From the end of the 8th century through the middle of the 11th century, the Vikings were a dominant force in Northern Europe.
Through their raids and military campaigns, they conquered new lands and eventually settled in many of them.
Much of their success can be attributed to their hardened Norse mindset, fierce fighting style, elite combat skills, and their distinct weaponry.
Axes were the weapon of choice for the common Viking warrior who could not afford to carry a sword into battle.
The axes used for combat were light enough to swing with one hand but still capable of delivering a mortal wound.
Viking axes were also instrumental in building the famed Viking longboats.
Were it not for the humble axe, the Vikings’ fighting style would have been much different, and quite possibly, their battles would have ended with less favorable results.
With a single blow, a Viking axe could dismember armored limbs and crack shields and helmets in two.
Battles were half won by the mere sight of a battalion of fearless Viking warriors advancing forward with their battle axes raised.
Besides an axe, a shield was critically important in Viking combat. See The Viking shield: Why is it round, wooden and painted? to learn more.
Why are Vikings so Closely Associated with Axes?
The biggest reasons that Vikings are so closely associated with axes are that these implements were practical, functional, and, perhaps most importantly, affordable.
During the Middle Ages, certain materials were either very scarce or very expensive. Such was the case with metals like iron and steel, from which the business end of swords and axes were typically made.
While the mighty double-edged sword is considered to be the poster child for Viking military might, the reality is that very few Viking warriors actually owned one.
During the Viking Age, swords were very expensive to make, so only the wealthy and powerful fought with them.
Swords were so valuable that they were passed down from generation to generation or buried with chieftains as grave goods. 
In contrast, every free Viking male owned an axe, whether it was a modest wood-chopping tool that doubled as a weapon during raiding season or a specialized weapon designed specifically for combat situations.
Did Vikings have permanent markings on their skin? See How Vikings got tattoos (and why) to learn more.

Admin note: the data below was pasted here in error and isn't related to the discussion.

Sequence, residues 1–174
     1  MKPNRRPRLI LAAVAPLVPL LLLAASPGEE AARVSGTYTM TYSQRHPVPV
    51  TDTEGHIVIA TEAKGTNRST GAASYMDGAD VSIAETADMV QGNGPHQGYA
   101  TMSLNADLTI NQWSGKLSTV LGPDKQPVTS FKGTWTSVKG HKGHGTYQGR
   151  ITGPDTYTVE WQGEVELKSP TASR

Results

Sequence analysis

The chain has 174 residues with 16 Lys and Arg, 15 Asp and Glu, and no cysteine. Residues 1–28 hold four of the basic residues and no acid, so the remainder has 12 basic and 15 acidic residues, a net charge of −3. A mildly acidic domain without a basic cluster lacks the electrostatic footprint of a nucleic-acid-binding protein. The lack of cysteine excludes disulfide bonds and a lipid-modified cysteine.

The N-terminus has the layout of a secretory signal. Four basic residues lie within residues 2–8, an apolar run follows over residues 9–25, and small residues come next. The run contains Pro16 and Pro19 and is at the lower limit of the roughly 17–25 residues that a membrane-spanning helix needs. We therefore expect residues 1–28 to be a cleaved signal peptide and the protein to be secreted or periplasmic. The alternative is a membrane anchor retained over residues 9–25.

Viking men often began using their first axe as young boys.
With heads made from iron or steel, axes required the use of far less metal than swords, with a fraction of the amount of labor required to fabricate them.
Even Norse upper classes recognized the utility of axes, arming themselves with two-handed versions that were just as effective as swords and even decorating the heads of their axes with ornate designs. (Also see What Weapons Did the Vikings Use? The Top 5)
So highly regarded were axes as armament that royal poets wrote of Scandinavian kings splitting heads like firewood with them. Even today, Norway’s Royal Coat of Arms prominently features a battle axe. 
What Axes did the Vikings use as Weapons?
The association between Vikings and their battle-axes grew in prominence as news of their brutal exploits and military acumen spread throughout Northern Europe.
As with many implements of war, the axe underwent refinements and modifications as time went on to enhance its lethality and functionality on the battlefield.
Contrary to popular belief, the typical Viking battle axe was not a heavy, clunky object that required the likes of Thor to wield it properly.
Viking warriors preferred their axes to be light (most would have weighed between 2 to 5 pounds) to make them more agile.
In this way, the battle-ax could be an extension of their hands and arms and swung freely.
What else was part of the Vikings’ combat equipment? See Did Vikings Wear Chainmail? to learn more.
It is also important to note that Viking axes were not used exclusively for swinging at enemy forces either. They were Middle Age multi-taskers that performed a variety of functions like: